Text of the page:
... there is little or no relationship between the issue preferences of the majority of voters and the policy stands of incumbents running for reelection. Even at this level, campaigns are more image oriented than issue oriented, particularly in the case of incumbents, whose primary effort is to portray themselves as thoughtful, sincere and concerned. Political scientist Charles 0. Jones summarizes the results of studies by himself and others as follows:

The major proposition [i.e., conclusion] is that the campaign and election are regularly scheduled events in the political life of a representative in which he makes an intensive effort to project an image of himself as a capable representative-which image is "issue-involved" in that it provides clues as to what to expect by way of policy making behavior from the Congressman. Elections are not primarily policy or issue events where issues are discussed or resolved or where there is an exchange between constituency and candidate. When the representative is returned to office, he is relatively unbound by the campaign and election in his poIicy making behavior.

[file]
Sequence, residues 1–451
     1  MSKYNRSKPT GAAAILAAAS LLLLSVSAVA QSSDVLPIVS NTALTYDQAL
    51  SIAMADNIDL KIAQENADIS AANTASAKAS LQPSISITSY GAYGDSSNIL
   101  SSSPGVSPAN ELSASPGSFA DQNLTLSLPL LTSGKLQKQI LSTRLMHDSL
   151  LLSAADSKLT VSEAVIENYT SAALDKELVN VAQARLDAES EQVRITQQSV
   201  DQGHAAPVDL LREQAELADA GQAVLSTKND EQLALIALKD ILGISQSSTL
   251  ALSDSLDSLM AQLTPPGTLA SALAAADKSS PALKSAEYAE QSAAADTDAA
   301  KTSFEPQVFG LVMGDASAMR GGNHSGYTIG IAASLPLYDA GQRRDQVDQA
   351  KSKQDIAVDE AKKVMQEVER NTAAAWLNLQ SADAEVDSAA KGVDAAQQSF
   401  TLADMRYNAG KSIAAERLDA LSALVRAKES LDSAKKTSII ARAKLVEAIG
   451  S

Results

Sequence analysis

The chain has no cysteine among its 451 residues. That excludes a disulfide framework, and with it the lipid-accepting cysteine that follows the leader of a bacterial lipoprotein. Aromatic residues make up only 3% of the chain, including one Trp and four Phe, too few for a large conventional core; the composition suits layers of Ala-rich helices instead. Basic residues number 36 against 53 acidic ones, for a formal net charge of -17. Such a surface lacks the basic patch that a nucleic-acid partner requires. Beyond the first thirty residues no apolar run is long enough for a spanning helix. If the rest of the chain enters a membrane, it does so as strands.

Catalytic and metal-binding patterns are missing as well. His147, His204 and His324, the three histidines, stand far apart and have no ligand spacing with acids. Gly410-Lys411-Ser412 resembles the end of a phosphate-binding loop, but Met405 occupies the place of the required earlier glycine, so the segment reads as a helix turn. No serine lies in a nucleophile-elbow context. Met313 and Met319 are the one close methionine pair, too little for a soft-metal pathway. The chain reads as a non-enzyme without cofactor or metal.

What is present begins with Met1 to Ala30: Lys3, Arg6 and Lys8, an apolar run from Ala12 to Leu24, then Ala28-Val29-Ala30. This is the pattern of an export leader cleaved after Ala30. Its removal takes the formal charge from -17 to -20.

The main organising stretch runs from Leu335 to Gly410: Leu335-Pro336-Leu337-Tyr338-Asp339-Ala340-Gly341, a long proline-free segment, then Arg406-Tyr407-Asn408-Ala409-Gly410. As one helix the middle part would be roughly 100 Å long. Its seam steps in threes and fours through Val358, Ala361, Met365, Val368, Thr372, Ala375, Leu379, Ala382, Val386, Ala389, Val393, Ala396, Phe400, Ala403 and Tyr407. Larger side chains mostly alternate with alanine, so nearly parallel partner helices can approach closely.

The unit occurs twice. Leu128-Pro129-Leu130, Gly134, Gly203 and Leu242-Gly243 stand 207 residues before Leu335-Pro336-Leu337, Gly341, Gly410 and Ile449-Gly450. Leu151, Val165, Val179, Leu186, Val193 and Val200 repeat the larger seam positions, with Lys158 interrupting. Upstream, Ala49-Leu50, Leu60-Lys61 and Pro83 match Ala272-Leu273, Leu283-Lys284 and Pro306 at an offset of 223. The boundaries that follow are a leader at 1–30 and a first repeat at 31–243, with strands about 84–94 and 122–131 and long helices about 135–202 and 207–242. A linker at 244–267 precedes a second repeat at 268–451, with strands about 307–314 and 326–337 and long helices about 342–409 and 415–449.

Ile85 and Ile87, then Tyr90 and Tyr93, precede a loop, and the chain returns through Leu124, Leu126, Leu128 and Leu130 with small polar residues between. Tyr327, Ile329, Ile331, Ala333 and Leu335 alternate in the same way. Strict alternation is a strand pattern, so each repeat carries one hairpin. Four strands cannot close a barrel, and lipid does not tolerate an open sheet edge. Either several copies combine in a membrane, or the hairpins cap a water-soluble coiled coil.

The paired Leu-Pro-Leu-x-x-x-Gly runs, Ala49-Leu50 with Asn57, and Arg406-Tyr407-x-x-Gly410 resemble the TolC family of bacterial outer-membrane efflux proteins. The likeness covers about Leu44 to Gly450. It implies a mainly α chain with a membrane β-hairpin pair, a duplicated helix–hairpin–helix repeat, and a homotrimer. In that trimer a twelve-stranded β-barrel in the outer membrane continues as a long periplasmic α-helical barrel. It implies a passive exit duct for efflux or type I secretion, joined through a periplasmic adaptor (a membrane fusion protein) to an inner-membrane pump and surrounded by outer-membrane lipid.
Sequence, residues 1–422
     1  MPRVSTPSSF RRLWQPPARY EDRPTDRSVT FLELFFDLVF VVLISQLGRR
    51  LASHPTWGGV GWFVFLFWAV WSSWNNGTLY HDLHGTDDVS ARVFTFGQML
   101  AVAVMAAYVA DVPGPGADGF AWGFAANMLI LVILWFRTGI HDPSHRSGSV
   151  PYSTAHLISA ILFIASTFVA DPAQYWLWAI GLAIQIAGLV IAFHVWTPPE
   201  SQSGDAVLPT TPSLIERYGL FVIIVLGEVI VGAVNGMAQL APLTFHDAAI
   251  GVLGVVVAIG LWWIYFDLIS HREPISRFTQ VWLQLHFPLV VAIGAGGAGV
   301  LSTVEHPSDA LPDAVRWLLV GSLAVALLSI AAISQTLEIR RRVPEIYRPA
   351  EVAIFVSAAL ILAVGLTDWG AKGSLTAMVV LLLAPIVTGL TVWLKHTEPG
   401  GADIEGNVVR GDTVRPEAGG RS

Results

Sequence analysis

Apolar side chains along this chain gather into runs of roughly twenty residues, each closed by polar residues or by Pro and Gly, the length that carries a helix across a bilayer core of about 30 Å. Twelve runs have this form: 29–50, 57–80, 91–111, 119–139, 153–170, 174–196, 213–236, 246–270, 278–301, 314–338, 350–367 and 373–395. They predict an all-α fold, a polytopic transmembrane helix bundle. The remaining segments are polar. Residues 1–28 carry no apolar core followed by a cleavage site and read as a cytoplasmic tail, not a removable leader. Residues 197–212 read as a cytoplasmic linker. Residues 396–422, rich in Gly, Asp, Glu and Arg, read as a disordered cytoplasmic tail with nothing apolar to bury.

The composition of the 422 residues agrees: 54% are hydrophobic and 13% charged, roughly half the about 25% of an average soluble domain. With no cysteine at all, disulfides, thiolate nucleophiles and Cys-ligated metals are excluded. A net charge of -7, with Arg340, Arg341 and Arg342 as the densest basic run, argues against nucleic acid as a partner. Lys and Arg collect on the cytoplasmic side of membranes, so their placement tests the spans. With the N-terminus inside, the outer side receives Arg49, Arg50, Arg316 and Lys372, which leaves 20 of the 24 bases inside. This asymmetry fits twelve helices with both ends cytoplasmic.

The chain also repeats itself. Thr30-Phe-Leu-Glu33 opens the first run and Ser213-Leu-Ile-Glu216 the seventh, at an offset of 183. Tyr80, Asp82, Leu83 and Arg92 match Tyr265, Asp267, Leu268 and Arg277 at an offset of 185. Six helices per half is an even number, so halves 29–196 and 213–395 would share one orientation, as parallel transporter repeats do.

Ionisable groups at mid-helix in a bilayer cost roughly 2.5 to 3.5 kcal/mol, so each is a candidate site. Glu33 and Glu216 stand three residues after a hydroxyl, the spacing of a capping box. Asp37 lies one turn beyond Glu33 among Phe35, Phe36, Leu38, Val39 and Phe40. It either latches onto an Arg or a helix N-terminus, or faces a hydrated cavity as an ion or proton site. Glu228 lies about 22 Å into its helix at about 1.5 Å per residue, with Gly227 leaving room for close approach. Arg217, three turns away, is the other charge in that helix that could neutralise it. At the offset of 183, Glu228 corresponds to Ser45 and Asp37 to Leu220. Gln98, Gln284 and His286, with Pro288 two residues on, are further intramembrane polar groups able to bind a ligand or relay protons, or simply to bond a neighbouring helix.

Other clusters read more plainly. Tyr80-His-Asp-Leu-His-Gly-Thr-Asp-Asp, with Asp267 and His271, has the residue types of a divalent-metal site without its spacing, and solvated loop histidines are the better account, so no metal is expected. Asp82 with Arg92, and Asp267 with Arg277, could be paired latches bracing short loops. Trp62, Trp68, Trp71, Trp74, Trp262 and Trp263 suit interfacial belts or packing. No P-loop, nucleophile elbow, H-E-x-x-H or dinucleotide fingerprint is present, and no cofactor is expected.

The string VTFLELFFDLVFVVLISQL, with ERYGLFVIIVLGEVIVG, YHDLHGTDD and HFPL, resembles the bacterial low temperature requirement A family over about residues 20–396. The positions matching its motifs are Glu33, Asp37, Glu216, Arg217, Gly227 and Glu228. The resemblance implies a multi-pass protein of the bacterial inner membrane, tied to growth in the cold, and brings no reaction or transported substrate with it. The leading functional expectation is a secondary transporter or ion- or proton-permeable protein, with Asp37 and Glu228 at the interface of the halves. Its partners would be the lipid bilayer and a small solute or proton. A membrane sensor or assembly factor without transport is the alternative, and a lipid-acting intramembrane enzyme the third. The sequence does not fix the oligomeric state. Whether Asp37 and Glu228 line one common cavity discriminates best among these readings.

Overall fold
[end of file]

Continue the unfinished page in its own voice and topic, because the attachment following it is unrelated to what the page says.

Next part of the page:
... the system produces a set of politicians who are mostly lawyers. In 1972, for example, 70 percent of the senators and 51 percent of the representatives were lawyers, but the situation is about the same for earlier times and in most state legislatures. Of 99S elected governors for all states between 1370 and 1950, 46 percent were practicing lawyers. Twenty-five of the 39 American Presidents have been lawyers.

The large percentage of lawyers in the American poliffcal system is highly atypical when compared with other countries, where only 10-30 percent of legislators have a legal background.

There is more to American politics than fat cats and their political friends. There are serious-minded liberals who fight the good fight on many issues, ecologically oriented politicians who remain true to their cause, and honest people of every political stripe who are not beholden to any wealthy people. But there are not enough of them, and they are often worn down by the constant pressure from lobbyists, lawyers and conventional politicians.